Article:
Barry said Hekemian has scaled back the original $180 million project significantly in the face of public criticism, scrapping plans for a 22-story apartment building, a hotel and an underground parking garage. Plans now call for a seven-story and a five-story building, plus several dozen townhouse-style apartments that would front Elm Avenue and 38th Street at the southern boundary of the mall.

Plans also call for closing the interior of the mall, turning its existing stores outward to face a plaza, and replacing the departed Giant supermarket with a boutique grocer.

The devil may yet be in the details, said City Councilwoman Mary Pat Clarke, who supports the project in principle, but shares the objections some constituents still have about the scale of it, including the height of the tallest buildings. Clarke also was scheduled to meet with residents of Elm and 38th on Wednesday, Feb. 6 at the Rotunda, to discuss options for mitigating potential parking problems when the apartments fronting those streets are built.

Clarke said she has notified all the people on her Rotunda Neighbors list about the Planning Commission meeting and has forwarded to the commission minutes of all the meetings between Hekemian and area residents about the project, as well as the residents' stated concerns and Hekemian's responses and follow-up comments.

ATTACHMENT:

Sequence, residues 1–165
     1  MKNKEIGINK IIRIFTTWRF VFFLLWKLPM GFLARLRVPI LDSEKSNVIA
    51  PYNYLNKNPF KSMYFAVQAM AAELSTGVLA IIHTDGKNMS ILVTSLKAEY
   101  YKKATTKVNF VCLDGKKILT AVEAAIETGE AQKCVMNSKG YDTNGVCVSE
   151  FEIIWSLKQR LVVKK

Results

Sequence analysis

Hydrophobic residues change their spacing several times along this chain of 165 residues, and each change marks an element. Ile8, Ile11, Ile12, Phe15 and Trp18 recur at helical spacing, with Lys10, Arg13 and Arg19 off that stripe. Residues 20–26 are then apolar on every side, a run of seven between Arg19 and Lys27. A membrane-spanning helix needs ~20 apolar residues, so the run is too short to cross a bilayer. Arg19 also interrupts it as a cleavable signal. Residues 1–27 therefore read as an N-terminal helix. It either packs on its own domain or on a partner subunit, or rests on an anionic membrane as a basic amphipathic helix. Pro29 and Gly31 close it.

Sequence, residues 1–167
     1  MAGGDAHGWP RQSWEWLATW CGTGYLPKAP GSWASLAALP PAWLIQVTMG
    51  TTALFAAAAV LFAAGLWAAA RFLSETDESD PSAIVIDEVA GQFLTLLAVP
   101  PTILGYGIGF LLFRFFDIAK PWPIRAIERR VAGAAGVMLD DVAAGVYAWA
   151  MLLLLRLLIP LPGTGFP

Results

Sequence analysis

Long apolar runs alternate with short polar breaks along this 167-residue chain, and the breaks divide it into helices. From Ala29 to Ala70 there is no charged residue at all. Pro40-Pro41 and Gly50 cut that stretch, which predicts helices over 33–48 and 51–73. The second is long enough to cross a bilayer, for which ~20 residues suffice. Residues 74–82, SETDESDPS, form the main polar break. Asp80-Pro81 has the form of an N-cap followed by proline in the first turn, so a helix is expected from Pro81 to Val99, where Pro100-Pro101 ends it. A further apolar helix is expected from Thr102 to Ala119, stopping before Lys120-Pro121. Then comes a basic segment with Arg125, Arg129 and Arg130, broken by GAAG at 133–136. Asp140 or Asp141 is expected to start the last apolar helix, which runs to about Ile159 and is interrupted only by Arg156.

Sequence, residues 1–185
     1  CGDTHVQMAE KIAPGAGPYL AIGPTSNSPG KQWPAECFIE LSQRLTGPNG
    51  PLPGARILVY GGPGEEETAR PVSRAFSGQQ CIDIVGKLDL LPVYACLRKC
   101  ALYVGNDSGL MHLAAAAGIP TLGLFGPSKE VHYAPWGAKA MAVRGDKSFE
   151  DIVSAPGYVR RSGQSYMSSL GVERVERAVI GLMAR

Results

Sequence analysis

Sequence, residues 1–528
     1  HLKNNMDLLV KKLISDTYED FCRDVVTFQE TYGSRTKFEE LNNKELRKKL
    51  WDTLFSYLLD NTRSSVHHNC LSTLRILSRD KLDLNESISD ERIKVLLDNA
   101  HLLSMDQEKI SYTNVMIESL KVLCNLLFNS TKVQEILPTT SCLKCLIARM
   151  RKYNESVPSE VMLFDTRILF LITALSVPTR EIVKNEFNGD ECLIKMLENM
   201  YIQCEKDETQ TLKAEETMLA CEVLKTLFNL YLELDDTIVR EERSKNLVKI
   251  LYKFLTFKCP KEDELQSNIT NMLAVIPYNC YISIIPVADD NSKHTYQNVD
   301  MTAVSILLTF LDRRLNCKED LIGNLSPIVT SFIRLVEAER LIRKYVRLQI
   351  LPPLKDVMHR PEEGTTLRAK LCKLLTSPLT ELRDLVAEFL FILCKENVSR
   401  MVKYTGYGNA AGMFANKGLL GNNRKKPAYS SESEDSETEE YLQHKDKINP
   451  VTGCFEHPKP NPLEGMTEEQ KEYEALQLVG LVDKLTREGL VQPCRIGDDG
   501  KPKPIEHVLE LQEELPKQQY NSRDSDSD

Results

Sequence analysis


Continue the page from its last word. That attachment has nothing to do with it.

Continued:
"Like" explorebaltimorecounty's Facebook page

Clarke has opposed closing the interior of he mall and has supported landscaping and design modifications at Elm and 38th. She also thinks the scale of the project is still too large, and fought to restrict the hours of operation of a loading dock that faces Elm, because some residents were concerned about "having a loading dock staring them in the face."

Restricting the hours "seemed to satisfy most people," she said.

Last-minute tweaks

Clarke said she planned to attend the Planning Commission hearing, but doesn't want to be a fly in the ointment regarding a project she expects the commission to approve. At this point, any last-minute tweaking is "design-oriented" and focused on the southern perimeter of the project, she said.

But Clarke said she doesn't want to be seen as stirring up controversy as the project nears final approval.

"I'm not going to try to crank something up," she said. "There are some issues that are still unresolved. Yes, I think (the commission will) approve the project as a whole, absolutely. But just like the City Council, you can vote with amendments."

Genny Dill, whose Elm Avenue row house faces the back parking lot of the Rotunda, is leading the charge to mitigate parking problems. Hekemian officials have agreed to include one parking space per unit in the rents of the apartments at Elm and 38th, but residents don't trust future tenants to use the spaces, saying it may be too tempting to park on the street.

A community meeting was scheduled for Wednesday at the Rotunda to discuss parking mitigation options, and one of the options that was expected to be presented was to ask the city to create a Residential Parking Permit area to limit how long people can park on the street. Another option is to ask the city to build a public parking garage in the area, Dill said.

Dill wasn't planning to go to the Planning Commission hearing and said she and many other residents are tired of all the debate over a project they expect to win final approval Thursday.

"I think it's probably over but the shouting," said Dill, secretary to the Hampden Community Council and a member of Hekemian's advisory task force. "We just want to get it done."